Yesterday in City Council, some of the leading advocates of lower wage and business taxes showed up at a hearing for Councilman David Oh’s quixotic (and politically doomed) bid to lower the wage tax from 3.92 percent to 2.09 percent by 2025. Read more »
States that depend on energy resources to power their economies and budgets are tightening their belts as the prices of oil and natural gas fall, but that won’t — and maybe shouldn’t — stand in the way of a new fracking tax in Pennsylvania, officials say.
Governor-elect Tom Wolf, who takes office in two weeks, won election in part on a promise to impose a 5 percent severance tax on natural gas production in Pennsylvania and use the revenues — he estimated as much as $1 billion — to restore funding to the state’s K-12 public schools. But a “glut” of natural gas production is driving prices lower, and Wall Street is casting a dubious eye on companies making big drilling investments in the Marcellus Shale.
Which raises the question: Did Pennsylvania — the only gas-producing state without an extraction tax — miss its moment to tax the fracking industry for the best benefit of its citizens?
A week ago, the New York Times published an op-ed by Jonathan Tepper titled “Why I’m Giving Up My Passport.” The economist, who insists he is “not a tycoon”, says tax laws are too onerous for him to continue being a citizen.
“If America makes it so difficult to be American, I’ll happily just be British,” he wrote. Tepper has spent just eight of his 38 years living in the U.S. and has voted in only one presidential election, so it doesn’t seem like that much of a loss for the country.
Yesterday, responding to the article was none other than local columnist and lawyer Christine Flowers, who actually opens her two-paragraph letter with a Peggy Noonan-style personal anecdote.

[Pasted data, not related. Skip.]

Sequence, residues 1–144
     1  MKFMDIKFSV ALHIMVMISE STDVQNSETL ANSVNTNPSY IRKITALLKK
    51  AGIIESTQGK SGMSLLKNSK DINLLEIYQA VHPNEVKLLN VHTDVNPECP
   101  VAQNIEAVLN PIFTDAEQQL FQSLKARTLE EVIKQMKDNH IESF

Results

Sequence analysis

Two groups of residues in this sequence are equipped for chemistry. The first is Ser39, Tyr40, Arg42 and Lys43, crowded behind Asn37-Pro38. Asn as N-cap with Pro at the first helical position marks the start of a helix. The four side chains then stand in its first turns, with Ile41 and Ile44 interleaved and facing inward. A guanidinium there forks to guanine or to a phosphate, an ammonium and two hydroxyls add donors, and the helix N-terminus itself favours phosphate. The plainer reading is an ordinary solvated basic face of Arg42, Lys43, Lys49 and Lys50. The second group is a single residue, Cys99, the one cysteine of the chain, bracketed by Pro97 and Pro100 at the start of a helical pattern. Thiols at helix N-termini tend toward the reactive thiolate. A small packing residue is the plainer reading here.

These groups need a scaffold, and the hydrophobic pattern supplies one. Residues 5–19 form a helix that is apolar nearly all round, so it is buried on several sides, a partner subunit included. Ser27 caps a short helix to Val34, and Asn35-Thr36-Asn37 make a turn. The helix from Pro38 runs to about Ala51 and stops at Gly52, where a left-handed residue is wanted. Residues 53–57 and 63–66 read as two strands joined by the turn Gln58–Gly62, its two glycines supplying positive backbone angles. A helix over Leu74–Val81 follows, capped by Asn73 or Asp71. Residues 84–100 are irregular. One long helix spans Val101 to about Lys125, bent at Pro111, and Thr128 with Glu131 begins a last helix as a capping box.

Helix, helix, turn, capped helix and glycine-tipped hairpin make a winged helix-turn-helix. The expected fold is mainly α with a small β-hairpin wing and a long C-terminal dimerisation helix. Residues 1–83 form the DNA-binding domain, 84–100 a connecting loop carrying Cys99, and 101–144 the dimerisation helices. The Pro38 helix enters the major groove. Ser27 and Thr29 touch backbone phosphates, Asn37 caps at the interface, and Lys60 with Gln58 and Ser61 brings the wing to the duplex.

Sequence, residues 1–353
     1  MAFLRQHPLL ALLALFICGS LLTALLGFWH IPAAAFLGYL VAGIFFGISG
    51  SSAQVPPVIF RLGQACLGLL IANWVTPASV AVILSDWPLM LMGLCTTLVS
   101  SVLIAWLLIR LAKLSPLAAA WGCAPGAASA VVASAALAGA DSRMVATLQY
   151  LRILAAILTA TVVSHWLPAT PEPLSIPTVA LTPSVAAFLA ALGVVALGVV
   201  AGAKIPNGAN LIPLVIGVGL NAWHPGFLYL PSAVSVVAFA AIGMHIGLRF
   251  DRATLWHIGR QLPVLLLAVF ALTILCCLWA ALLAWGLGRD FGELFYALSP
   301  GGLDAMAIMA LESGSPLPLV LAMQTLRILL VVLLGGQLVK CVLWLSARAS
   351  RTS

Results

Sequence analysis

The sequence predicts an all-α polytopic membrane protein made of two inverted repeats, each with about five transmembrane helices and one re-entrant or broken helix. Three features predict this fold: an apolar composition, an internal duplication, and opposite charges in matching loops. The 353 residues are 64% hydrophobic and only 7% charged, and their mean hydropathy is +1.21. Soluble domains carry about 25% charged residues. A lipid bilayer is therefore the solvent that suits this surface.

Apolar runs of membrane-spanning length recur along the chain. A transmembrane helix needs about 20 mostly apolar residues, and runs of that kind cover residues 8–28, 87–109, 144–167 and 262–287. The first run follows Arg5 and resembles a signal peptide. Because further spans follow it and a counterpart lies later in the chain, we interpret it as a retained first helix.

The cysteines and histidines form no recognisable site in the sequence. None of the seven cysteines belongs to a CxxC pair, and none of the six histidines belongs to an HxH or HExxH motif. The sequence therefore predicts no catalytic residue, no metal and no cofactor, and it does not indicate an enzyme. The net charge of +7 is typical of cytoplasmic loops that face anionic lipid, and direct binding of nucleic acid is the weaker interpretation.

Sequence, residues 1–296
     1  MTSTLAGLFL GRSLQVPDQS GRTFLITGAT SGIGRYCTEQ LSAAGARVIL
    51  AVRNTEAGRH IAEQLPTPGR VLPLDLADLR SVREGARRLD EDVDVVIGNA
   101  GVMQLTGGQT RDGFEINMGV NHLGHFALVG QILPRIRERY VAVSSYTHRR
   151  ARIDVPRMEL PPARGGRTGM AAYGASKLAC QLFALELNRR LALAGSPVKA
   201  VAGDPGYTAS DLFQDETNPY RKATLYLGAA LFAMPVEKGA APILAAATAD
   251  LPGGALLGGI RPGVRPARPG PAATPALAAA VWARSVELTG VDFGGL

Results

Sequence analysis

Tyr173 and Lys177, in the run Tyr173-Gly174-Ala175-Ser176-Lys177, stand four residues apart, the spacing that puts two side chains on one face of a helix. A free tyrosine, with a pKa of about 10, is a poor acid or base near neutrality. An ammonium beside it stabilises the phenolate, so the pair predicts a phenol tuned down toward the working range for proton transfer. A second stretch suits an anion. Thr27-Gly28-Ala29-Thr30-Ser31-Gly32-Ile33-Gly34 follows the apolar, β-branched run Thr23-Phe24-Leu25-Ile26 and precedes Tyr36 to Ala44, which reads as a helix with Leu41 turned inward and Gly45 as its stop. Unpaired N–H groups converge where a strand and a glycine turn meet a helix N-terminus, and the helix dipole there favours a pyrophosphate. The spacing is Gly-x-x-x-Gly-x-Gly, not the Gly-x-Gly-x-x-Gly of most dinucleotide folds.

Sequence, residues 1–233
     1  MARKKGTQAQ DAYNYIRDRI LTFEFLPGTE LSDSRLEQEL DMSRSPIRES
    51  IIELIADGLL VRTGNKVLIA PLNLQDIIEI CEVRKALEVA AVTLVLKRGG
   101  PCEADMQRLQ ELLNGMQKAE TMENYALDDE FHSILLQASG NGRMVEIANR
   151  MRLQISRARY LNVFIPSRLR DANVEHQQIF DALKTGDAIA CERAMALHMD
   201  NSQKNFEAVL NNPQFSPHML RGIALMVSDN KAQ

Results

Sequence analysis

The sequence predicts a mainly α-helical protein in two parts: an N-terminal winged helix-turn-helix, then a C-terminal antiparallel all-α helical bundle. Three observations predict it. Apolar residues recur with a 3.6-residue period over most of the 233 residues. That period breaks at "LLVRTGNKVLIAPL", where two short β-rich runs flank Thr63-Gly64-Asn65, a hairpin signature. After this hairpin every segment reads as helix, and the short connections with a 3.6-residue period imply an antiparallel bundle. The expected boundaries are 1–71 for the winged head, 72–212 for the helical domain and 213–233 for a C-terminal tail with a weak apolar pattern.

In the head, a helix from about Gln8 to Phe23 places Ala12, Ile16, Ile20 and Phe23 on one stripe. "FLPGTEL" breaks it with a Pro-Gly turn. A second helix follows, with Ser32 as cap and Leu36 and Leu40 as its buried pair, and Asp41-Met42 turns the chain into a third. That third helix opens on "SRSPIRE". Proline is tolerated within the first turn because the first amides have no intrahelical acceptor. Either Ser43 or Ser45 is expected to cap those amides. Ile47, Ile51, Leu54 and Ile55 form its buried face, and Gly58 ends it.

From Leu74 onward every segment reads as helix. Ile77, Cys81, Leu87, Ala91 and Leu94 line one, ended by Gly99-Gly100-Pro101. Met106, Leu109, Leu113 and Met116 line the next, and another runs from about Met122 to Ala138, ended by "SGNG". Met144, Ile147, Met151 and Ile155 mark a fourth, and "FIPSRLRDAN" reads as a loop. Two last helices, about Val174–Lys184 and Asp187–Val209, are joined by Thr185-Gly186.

Life is filled with ironies. Stopping by a Starbucks after a hearing in immigration court, I opened up the paper and read the essay by Jonathan Tepper explaining that he was renouncing his United States citizenship because of tax filing requirements. At a cerebral level, I could appreciate if not agree with his fiscal reasons for relinquishing his passport.
The Inquirer reports on a raucous — well, raucous for a suburban supervisors meeting in a township of 13,000 — meeting held earlier this month where township supervisors voted to lay off a third of its employees (including six cops, though two were part-time) and raise taxes 19 percent.
M. Night Shyamalan is a hometown boy: He has long favored shooting his movies in and around Philadelphia. The problem for his 2010 flick, The Last Airbender, is that it was an effects-driven film that would be conjured largely inside a computer — and the kinds of computers that do that work are largely in California.
No problem for Shyamalan, nor for his studio Paramount Pictures. The physical movie was shot here, the visual effects were produced in San Francisco — and the movie claimed a Pennsylvania credit for the work done in California.
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Philadelphians, you are being ripped off. No, not by the government. Nor the parking authority. Nor even the overpriced coffee shop on the corner. You’re being ripped off by none other than me. And my friends. And my neighbors. And it’s time you did something about it.
That’s because the people I know are ripping you off pretty much every weekend (and many weeknights, too). Don’t believe me? Take a look at center city’s streets on a Saturday night. Or the squares on a Sunday afternoon. Go to an Eagles or Phillies game. Ride up and down Kelly Drive. There are lots of Philadelphia residents there, of course. But there are also lots of non-Philadelphians. There are families from New Jersey, tourists from Chicago, and empty-nesters from Lower Merion. We’re all going into town. It’s fun. It’s safe. It’s inviting. We’re using your restaurants and taking advantage of your entertainment. But we’re not paying our fair share. And that’s why you’re getting ripped off.
The strip clubs of Philadelphia are once again safe from the tax man. For now.
CBS Philly reports the Nutter administration has given up its efforts to collect a per-dance tax on lap dances in the city — this after a judge struck down the administration’s earlier efforts to collect the tax.